Mars lander silent as mission scientists work out what went wrong

illustration of Schiaparelli landing sequence

The intended landing sequence for the Schiaparelli lander did not appear to go as planned once the parachute separated from the probe, mission controllers report.

ATG Medialab, ESA

The Schiaparelli Mars lander remains silent since its attempted landing October 19 on the Red Planet. All data transmitted by the lander during its descent have been relayed to Earth, and mission scientists are now in the thick of trying to figure out what went wrong.

“I am extremely confident that we’ll be able to fully understand what happened,” ESA spacecraft operations manager Andrea Accomazzo said at an October 20 news briefing. Schiaparelli is most likely on the surface, but its condition remains unknown.

Early data indicate that Schiaparelli survived most of its parachute entry, but in the last few seconds before jettisoning the chute, something unexpected happened. Mission scientists cannot say yet what that “something” was. The retrorocket designed to slow it down further did appear to fire, but for a shorter time than expected. Mission scientists also don’t yet know if all the rockets fired as planned. Further details will come with the analysis of data received from the lander.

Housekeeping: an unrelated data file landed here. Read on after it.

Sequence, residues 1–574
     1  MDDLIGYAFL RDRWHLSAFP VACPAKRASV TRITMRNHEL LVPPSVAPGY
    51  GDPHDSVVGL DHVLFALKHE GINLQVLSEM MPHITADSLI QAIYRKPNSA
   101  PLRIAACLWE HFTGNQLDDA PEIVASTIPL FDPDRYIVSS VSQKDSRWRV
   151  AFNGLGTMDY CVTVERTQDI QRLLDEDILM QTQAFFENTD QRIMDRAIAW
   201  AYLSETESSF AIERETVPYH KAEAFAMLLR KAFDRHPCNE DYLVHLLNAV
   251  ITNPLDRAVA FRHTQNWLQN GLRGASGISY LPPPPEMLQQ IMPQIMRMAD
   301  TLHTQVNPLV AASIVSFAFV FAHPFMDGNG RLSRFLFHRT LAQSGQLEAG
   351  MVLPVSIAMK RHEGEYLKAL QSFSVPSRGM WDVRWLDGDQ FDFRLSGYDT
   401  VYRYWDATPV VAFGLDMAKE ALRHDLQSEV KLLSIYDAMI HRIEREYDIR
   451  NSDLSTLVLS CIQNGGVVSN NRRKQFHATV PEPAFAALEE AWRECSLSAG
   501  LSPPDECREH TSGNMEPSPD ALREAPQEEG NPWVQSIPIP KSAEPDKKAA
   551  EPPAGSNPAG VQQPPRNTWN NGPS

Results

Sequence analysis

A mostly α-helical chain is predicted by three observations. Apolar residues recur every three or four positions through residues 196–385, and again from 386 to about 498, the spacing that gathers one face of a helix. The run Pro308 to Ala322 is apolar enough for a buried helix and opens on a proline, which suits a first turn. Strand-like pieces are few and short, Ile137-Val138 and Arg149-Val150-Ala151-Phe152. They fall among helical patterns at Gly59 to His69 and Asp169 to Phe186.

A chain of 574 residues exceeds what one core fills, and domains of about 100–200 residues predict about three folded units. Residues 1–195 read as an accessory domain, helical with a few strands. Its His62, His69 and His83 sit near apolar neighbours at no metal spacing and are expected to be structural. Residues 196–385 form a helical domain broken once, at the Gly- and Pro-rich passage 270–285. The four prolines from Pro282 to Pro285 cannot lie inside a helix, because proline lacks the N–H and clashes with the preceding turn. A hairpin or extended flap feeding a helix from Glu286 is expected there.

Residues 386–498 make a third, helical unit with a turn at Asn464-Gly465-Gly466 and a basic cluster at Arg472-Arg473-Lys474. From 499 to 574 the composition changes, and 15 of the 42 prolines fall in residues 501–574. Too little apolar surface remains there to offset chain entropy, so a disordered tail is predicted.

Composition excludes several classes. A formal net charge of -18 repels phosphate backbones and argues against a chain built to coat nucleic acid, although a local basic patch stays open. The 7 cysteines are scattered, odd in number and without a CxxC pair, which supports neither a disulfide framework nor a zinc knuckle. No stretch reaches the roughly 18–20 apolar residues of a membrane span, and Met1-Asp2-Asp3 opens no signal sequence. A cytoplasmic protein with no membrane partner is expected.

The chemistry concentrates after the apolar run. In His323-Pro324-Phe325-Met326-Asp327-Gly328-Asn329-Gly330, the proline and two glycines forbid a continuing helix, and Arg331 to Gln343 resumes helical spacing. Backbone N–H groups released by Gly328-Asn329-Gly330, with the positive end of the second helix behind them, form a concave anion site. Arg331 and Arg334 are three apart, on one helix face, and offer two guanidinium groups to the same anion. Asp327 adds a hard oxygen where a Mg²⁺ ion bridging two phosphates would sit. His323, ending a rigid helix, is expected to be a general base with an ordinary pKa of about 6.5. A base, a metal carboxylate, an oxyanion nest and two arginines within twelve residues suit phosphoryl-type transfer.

Other spacecraft orbiting Mars will continue to listen for a signal from Schiaparelli, which has enough battery power to last a few Martian days, maybe more. The lander was designed as an experiment to test technologies and protocols for safely dropping a payload on the surface of the Red Planet, such as a rover planned to arrive in 2021.

The Trace Gas Orbiter, which also arrived as part of the ExoMars mission, appears healthy and in orbit around the Red Planet, ready to undertake an investigation of trace gases in the Martian atmosphere.

Christopher Crockett is an Associate News Editor. He was formerly the astronomy writer from 2014 to 2017, and he has a Ph.D. in astronomy from the University of California, Los Angeles.

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